If, however, you really want to work for such a company, then set about developing a good support system for yourself. If there is a good mentoring or peer support system in place, make sure you hook into it. Otherwise, actively build one for yourself outside work using old colleagues, friends and family members you trust.
There is an old Hebrew saying:
The shy will never learn.
Overcome those feelings and make sure that in the first hundred days in a new job you ask as many questions as you need to so you feel on top of the local culture and the requirements of your job. People expect you to and often respect and appreciate it. Even in the most competitive environments, you’ll find some people who will be happy to help and support you as a newcomer.
Beware of friends who might be adding to your feelings of self-doubt
We are often drawn to people who may not be good for us. Yes, it sounds like pop psychology and you’ve all heard the stories about smart women who choose men who treat them badly.
But consider this: do you have friends who, in the name of cautiousness, always point out the potential for you to fail? Do you have friends who somehow, despite appearing very sincere, manage to rain on your parade?
If you do, consider reducing contact with them when you are in a period of change or when the niggling voices are stronger than usual. Instead, spend time with those friends who are always supportive, who you know will back you up no matter what.
Managing Your Thoughts
Once you have got your environment sorted out, controlling your thoughts should become more manageable. Thoughts are obviously the source of the problem and should be dealt with!
Easier said than done though; those insidious voices inside our heads just pop up. Worse, when we’re stressed we may be completely unaware of them, yet profoundly influenced by them.
We have two practical suggestions for managing your thoughts.
Be deliberate about documenting your achievements
Depending on how loud that insidious little voice is, I sometime take it on and have a full-blown argument with it. It goes something like this:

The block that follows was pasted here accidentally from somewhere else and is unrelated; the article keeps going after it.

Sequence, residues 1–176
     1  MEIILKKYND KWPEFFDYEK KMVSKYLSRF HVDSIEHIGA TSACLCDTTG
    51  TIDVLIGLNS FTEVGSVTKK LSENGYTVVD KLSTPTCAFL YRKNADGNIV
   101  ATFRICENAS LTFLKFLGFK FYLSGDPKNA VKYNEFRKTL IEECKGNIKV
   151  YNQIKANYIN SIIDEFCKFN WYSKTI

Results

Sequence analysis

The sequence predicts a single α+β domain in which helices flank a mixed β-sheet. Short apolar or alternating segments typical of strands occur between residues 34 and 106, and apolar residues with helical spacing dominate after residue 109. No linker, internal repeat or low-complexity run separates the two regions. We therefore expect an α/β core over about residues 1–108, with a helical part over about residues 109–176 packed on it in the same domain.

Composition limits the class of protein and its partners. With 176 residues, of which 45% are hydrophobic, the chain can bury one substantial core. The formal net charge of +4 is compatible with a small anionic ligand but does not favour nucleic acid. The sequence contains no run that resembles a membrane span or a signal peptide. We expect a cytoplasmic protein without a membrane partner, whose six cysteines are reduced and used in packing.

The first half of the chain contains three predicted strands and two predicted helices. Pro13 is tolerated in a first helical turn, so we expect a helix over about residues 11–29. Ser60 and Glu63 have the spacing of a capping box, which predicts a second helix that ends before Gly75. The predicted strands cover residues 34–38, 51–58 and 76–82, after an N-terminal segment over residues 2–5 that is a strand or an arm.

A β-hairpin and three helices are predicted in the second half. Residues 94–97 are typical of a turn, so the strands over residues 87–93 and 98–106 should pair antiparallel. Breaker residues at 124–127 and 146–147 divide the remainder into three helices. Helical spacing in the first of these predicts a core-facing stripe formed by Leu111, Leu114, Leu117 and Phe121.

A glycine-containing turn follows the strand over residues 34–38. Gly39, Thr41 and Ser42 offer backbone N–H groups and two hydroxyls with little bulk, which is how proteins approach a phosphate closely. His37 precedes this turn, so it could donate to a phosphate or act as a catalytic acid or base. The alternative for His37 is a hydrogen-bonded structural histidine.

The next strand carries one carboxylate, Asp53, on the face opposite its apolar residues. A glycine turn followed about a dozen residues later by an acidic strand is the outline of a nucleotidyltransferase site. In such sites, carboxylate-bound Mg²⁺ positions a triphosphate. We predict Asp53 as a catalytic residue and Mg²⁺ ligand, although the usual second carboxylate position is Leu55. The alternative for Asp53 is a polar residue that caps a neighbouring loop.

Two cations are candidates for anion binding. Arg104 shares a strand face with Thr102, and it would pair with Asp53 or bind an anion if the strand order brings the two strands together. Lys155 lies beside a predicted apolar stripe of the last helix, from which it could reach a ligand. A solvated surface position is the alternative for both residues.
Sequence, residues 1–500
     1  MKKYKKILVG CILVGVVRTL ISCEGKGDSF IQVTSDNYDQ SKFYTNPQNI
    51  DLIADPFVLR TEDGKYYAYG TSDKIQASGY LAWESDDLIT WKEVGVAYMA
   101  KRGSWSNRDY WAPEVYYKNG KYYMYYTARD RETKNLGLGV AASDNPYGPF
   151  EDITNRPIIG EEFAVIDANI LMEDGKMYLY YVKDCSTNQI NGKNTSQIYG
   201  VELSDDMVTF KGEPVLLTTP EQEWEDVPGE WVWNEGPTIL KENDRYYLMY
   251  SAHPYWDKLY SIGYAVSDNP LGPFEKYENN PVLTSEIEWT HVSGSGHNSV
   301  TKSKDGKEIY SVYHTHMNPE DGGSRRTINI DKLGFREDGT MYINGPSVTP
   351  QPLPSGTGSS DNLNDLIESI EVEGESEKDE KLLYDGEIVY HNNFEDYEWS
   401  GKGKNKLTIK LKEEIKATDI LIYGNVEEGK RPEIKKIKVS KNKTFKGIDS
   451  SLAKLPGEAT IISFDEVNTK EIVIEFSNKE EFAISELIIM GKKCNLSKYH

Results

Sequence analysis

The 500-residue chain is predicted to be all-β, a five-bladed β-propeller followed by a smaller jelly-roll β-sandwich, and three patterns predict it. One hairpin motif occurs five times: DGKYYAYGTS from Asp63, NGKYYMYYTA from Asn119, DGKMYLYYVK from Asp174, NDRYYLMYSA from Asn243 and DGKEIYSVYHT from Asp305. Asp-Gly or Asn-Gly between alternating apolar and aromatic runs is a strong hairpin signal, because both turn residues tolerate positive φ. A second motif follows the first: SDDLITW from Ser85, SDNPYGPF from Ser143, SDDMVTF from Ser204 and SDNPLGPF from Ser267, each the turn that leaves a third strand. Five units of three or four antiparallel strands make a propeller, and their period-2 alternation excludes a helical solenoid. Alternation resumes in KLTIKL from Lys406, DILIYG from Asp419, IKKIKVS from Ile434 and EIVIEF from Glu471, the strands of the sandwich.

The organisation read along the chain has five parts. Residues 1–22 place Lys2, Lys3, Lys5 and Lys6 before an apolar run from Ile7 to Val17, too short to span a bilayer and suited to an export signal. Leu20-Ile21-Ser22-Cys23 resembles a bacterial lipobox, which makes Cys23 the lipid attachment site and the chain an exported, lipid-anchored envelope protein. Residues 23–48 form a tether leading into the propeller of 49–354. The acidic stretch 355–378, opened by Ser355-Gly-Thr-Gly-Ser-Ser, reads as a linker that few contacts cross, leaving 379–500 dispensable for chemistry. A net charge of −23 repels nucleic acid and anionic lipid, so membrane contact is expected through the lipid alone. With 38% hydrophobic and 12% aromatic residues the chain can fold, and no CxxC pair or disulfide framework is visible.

Well, if I am such a failure, can you please explain how I managed to come top of the class in my first year of University even though English was my second language?
Sometime, the voice persists, and then I have to launch into full achievement listing mode. I sit down, write out all my achievements (or look at my CV) and try and systematically discount all possible external explanations –
No, I didn’t come top because everyone else was stupid…
I don’t think we are deliberate enough about our achievements. I believe (and research shows) that we focus far too much on our failures and our shortcomings. One negative comment has as much weight in our minds as five positive ones.
You could also do this simple exercise. Sit down with your CV and add to it all the other achievements that you are proud of. You can then discuss them with your partner or a trusted and supportive friend and systematically discount any possible external explanations there might be.
It is always good to get someone else’s perspective about your achievements. You may have forgotten or discounted some and your partner or friend will be sure to remind you!
Learn new thought strategies
I deliberately left this one to the end because I believe that once you sort out your environment and develop some good, practical strategies, it will become a lot easier to teach yourself new thought strategies. If you are in a great deal of turmoil, than consider getting some professional help. Cognitive behavioural therapy is probably the most suitable and helpful form of therapy in dealing with self-doubt and negative thoughts.
If, however, you are not quite at that point, I suggest you read good self help books regularly. The key is that you need to recognise the onslaught of the little voice and take action as soon as it starts.
- All Topics